Australia’s enormous coastline boasts many of the world’s finest beaches. In summer it’s the playground of millions who flock to the sun and surf and is the reason for our renowned surfing culture which has spawned some of the world’s greatest surfers. But there is a danger disguised beneath the waves that very rarely gets exposed… that of the number of eye injuries caused by surfboards. It is this danger to eyes caused by the fin or nose of a surfboard that is now the subject of a major study by a team from the Save Sight Institute at the University of Sydney.
It is because of their love of surfing, and concern about the many eye injuries from surfboards they see in their practices, that two doctors have come together to form a team to document the type and frequency of surfing eye injuries occurring along the eastern seaboard.
Ophthalmologist Dr. Raf Ghabrial, has been surfing since he was a teenager and it’s an activity he intends doing until he can no longer stand upright on a board. It is a passion shared by Dr. Mark Gillett, an emergency specialist at Sydney’s Royal North Shore Hospital, who has been surfing for more than 30 years.
“It’s because of our specialties that we have noticed these eye injuries and we’ve seen an inordinate amount of them,” says Dr. Ghabrial.
Surfboards are made with pointy noses for purely aesthetic reasons – rounding the last half inch has absolutely no effect on performance
“I see quite a lot of injuries because I’m at the beach and then I also see them when at the eye hospital.”
The pair are now part of a team operating under the auspices of the Save Sight Institute, which is about to launch a major study, to gather evidence about the number and type of eye injuries caused by surfboard accidents, and how they can be diminished.
The 12-month prospective study on surfboard related ocular and orbital trauma will be conducted by Dr. Ghabrial and Dr. Gillett, along with Sydney University Associate Lecturer Dr. Juliette Howden, oculoplastic surgeon Dr. Jenny Danks and headed up by Institute Director Professor Peter McCluskey.
Some of the most notorious and gruesome injuries in surfing have been caused by the pointy nose of a surfboard or the fin contacting either the body or the head.
In 1980, Aussie pro surfer Derek Hynd was competing in South Africa, when his board bounced back and finned him in the right cheekbone and eye. An operation to save his eye didn’t work. Amazingly, surfing one-eyed, he managed to improve his world ranking the following year.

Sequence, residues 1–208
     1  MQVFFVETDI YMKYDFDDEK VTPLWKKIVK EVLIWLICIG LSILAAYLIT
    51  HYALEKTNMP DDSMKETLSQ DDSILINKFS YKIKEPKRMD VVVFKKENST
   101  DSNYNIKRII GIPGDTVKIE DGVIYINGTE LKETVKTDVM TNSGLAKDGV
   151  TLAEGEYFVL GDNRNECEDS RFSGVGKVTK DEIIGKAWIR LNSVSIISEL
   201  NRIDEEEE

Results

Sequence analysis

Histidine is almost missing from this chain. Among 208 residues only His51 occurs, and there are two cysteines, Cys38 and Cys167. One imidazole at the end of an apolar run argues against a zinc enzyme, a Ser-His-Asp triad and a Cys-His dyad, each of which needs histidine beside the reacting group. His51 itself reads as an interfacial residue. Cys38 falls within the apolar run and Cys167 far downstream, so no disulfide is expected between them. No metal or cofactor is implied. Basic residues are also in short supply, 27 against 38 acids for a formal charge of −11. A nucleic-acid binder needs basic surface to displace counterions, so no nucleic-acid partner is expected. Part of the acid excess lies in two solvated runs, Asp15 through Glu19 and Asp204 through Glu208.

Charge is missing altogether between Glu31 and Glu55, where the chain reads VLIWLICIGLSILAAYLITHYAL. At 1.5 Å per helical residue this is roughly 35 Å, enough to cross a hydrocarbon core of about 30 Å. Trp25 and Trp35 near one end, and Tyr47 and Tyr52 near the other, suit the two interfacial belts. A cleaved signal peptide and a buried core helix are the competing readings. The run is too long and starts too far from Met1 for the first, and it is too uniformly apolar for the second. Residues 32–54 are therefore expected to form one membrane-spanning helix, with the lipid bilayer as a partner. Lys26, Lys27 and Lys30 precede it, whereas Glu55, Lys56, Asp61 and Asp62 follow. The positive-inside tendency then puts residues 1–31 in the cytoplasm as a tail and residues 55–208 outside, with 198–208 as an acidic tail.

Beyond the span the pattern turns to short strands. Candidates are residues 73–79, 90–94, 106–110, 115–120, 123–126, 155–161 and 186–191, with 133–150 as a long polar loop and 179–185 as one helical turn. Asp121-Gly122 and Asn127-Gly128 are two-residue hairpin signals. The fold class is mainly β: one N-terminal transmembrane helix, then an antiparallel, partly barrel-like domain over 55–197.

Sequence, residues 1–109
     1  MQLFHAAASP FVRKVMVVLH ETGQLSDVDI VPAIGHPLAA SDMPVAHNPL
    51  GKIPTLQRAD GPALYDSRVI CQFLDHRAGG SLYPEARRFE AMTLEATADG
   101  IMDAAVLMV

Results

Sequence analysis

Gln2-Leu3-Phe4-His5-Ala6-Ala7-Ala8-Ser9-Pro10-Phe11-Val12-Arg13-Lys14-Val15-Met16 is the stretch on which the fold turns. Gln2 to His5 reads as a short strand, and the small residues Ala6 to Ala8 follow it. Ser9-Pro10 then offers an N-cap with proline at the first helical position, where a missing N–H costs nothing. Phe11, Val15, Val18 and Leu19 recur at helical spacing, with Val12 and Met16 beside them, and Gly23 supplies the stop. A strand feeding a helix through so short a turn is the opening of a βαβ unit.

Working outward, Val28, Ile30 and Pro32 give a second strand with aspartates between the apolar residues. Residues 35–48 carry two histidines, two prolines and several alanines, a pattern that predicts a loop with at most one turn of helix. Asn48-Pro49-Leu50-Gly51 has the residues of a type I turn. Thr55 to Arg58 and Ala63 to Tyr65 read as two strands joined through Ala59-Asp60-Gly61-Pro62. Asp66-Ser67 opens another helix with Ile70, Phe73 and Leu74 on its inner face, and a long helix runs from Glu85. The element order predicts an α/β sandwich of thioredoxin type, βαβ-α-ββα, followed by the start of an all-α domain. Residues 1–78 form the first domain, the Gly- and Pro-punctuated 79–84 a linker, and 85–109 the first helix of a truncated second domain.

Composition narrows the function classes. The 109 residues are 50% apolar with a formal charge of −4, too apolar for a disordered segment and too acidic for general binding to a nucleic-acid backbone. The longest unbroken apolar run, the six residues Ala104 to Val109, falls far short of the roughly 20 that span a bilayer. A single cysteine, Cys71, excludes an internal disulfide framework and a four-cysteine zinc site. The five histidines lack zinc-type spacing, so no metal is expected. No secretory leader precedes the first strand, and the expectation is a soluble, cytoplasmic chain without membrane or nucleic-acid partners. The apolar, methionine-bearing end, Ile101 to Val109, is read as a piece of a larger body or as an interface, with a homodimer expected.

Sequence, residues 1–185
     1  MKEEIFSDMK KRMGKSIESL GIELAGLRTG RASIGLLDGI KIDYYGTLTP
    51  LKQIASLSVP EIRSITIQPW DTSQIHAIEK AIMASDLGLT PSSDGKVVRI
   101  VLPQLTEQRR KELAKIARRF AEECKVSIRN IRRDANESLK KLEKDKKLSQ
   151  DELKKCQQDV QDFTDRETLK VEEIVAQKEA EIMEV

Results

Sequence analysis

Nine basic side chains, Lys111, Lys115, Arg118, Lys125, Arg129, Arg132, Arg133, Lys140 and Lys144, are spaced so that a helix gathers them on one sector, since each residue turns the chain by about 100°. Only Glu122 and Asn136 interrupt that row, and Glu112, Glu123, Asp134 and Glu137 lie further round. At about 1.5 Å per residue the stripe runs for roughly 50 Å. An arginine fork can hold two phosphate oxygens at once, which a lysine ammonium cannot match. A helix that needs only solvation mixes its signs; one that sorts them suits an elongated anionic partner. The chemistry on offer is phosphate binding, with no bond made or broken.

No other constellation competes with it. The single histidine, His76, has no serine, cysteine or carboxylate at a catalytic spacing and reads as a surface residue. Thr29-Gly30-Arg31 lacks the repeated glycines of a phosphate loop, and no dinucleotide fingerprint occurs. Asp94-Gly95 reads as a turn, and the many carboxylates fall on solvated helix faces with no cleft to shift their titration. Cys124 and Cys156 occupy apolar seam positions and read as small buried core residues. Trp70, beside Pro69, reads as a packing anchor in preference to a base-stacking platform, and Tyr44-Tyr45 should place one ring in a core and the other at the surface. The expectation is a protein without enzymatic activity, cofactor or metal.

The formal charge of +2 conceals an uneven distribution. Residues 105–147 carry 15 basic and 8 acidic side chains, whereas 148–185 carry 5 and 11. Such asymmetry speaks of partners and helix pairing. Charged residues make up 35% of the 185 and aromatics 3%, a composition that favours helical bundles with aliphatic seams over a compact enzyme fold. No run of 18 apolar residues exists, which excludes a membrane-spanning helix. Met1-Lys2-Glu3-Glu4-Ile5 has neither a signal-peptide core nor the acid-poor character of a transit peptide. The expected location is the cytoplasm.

In 2004, champion surfer Serena Brook almost lost her eye in a freak accident during practice for a Western Australian event. Her board shot up from under her and the fin slashed her face. Her upper and lower eyelids were sliced through and another cut ripped through a tear duct. Rushed to a WA hospital for emergency surgery, she then flew to Melbourne and was operated on by renowned oculoplastic surgeon, Dr. Rodger Davies, who managed to save her sight.
Dr. Ghabrial says he’s come across some horrific eye injuries, both at the beach and through his work, and even witnessed an argument in the surf which turned violent, when one surfer swung his board at another, lacerating his tear duct.
“That’s the first time I have ever heard of someone using their board as a weapon,” he says.
Dr. Gillett, Royal North Shore Hospital’s Director of Education and Research, says he was involved in a previous study a number of years ago, documenting all injuries caused by surfboards and noted that several of those injuries were to eyes.
“I think any time someone loses their vision, it is always catastrophic. Eye injuries are always a bit daunting, even for the hospital’s emergency staff,” he says.
Dr. Gillett, who has fitted his board with a nose guard to help prevent injury, says he hopes the study will act as a catalyst to encourage the surfing community to think about surfboard injuries and take action to minimise them.
A similar study conducted by the Department of Ophthalmology, California Pacific Medical Centre in San Francisco evaluated the clinical characteristics of surfing-related ocular trauma to learn the nature of such injuries and propose possible preventive measures.
It reviewed 11 cases of surfing-related eye injuries caused by direct trauma from the surfboard, studying their mechanism of injury, the associated ocular complications, and the anatomic and visual outcomes of surgical repair.
The published results stated that: “Surfing-related ocular injuries occurred exclusively in young males (mean age, 24.8 years; range, 14 to 37 years). The mechanism of injury most frequently responsible was impact with the sharp nose of the surfboard following a fall. Serious posterior segment complications were observed in all 11 patients, with nine patients suffering ruptured globes. Despite immediate medical attention, five patients did not recover ambulatory levels of visual acuity (> 5/200)”.
The study concluded that: “Surfing-related ocular trauma presenting to the retinal specialist typically leaves the patient with a permanent visual disability. Important factors contributing to these high-velocity injuries include the sharply pointed nose of the surfboard and the leash keeping the surfer in close proximity to the board following a fall. A simple modification in surfboard design such as blunting the sharp nose of the surfboard, or appropriate protective guards fitted over the surfboard nose, should lessen the severity of such injuries.”
There are currently no regulations governing surfboard design, but there are those within the surfing community who advocate changes to surfboards to reduce the risk of injury.
John Ogden is a cinematographer and former photographer for the surfing publication Tracks. In 1999 John was surfing at Whale Beach and the fin from the surfboard took out his eye.
“It was a big swell, beach closed, late takeoff, off shore wind, shallow sand bar. I got worked on the takeoff and the fin hit my eye and slashed the eye and hooked it all in one go. It was the right eye and I lost it.”
Ogden believes pointy tips on the nose of surfboards are unnecessary.